Mr. SHTEYNGART: Yeah, no, it's so depressing. I feel like I'm insane to write novels. I'm like one of those, you know, those last Japanese soldiers on one of those islands who's like hiding in a cave and still shooting at the Americans, are advancing, he still hasn't heard that the emperor has surrendered. That's what I feel like all the time. I'm one of those guys.This is the hilarious trailer Shteyngart talks about, which I loved when it first came out:
But sometimes technology outpaces sort of the humanity's ability to process it. You know, I think that's where we are right now. I know that's where I am right now, because my mind has been sliced and diced in so many ways.
There's so many packets of information coming at me, especially in a city like New York, which is so dense with information no matter where you go. I mean, even our cabs have television screens and info centers built into the backseat.
You know, and it's just shocking. How is literature supposed to survive when our brain has been pummeled with information, sliced and diced with it all day long at work, if we're white-collar workers? We go home. Are we really going to open up a thick text with 350 pages and try to waddle through it? Or are we just going to turn on "Mad Men"? ...
GROSS: So what do you think of the idea of doing a trailer to sell a book? Mr.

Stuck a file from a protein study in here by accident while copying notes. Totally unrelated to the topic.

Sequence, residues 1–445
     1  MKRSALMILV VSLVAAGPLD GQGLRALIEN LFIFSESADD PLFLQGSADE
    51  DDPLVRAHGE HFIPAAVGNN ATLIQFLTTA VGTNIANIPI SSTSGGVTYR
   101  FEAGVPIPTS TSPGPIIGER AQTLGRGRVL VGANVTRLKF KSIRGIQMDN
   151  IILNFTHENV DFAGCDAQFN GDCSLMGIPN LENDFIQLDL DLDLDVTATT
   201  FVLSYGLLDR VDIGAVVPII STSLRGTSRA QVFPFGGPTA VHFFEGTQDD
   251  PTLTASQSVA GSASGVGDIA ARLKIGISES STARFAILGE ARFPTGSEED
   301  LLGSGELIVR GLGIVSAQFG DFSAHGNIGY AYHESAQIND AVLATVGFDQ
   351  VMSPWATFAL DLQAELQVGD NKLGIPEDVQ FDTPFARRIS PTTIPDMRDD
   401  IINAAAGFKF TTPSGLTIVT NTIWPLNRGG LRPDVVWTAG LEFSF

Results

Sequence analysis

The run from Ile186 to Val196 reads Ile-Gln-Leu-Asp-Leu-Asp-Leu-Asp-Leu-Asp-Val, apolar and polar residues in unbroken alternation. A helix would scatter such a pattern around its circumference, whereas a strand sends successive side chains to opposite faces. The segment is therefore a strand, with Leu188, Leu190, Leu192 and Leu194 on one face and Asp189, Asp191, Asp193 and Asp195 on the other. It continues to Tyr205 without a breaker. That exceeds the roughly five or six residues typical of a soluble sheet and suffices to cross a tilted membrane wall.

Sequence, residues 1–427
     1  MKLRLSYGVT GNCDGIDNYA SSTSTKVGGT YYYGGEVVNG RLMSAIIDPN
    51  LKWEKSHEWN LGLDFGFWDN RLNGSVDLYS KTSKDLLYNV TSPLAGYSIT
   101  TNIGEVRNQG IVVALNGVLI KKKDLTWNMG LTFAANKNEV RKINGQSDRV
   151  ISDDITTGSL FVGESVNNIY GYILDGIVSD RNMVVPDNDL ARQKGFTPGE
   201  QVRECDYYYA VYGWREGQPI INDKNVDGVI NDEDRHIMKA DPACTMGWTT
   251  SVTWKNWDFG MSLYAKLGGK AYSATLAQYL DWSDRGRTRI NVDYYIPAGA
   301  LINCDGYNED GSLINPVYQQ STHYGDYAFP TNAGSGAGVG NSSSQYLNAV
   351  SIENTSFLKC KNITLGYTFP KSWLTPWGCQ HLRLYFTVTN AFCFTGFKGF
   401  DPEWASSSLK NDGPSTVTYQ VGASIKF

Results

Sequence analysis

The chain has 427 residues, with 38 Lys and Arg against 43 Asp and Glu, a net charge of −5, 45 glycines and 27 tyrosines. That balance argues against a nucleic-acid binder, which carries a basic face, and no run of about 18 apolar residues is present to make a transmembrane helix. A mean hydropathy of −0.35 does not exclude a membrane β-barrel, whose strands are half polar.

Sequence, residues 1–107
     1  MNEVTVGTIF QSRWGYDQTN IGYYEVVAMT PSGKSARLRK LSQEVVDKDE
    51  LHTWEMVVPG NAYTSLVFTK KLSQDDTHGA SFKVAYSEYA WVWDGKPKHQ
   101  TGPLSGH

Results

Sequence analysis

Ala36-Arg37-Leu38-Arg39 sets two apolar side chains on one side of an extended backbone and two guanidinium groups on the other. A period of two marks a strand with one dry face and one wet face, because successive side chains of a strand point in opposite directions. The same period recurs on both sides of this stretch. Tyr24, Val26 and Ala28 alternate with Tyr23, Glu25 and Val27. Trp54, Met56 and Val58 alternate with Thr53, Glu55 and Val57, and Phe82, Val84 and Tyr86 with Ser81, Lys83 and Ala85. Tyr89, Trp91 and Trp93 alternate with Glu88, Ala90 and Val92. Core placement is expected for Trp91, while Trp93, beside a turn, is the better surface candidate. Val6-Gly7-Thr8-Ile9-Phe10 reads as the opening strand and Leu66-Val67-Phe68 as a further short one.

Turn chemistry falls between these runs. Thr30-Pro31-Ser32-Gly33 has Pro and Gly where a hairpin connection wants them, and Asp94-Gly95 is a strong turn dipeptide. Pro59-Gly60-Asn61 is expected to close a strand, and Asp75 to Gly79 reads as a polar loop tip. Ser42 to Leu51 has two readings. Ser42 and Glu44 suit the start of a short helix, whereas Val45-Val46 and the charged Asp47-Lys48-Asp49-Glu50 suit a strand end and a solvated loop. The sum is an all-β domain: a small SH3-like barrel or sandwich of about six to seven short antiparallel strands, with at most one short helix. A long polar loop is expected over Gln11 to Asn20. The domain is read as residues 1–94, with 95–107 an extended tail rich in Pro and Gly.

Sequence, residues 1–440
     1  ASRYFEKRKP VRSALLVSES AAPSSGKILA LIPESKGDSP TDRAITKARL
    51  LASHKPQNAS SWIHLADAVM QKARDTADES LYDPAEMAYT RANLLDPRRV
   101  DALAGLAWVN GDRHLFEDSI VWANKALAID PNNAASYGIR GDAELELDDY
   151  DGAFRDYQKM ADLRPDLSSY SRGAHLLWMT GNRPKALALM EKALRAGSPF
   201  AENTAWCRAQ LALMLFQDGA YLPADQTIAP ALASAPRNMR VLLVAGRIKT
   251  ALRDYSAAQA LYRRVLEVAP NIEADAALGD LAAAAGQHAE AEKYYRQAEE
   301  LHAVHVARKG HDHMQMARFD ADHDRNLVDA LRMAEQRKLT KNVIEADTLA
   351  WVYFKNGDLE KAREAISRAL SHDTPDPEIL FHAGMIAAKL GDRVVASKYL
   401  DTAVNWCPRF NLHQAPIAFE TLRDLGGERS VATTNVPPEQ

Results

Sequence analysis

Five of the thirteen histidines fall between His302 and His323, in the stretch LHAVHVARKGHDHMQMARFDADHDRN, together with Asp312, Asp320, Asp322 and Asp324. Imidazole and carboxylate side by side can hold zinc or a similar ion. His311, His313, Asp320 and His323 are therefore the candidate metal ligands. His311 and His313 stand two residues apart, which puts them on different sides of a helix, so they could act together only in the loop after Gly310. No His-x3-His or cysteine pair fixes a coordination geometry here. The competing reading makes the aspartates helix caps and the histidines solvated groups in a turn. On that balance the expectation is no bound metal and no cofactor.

SHTEYNGART: Well, nowadays nobody wants to read books, so anything you can do to sell book, whatever it takes to communicate to people that, you know, hey, books still exist. I mean, the trailer had nothing do with my novel, obviously, but the idea was to sort of get across, hey, Gary Shteyngart, he's OK, you know, he can make fun of himself.
Another thing that I think the trailer is sort of making fun of is that everyone is a writer now. You know, everyone's a writer. Nobody wants to read, but everybody wants to write. These MFA programs, we can't, you know, we can't turn them away. There's just millions of applicants. Everybody wants to be a writer. It's this huge culture of self-expression.
Listen to the whole interview.
I also like what Shteyngart take on becoming one's parents:
"In the end, you really are them [even] with all of the things you've done to not be them."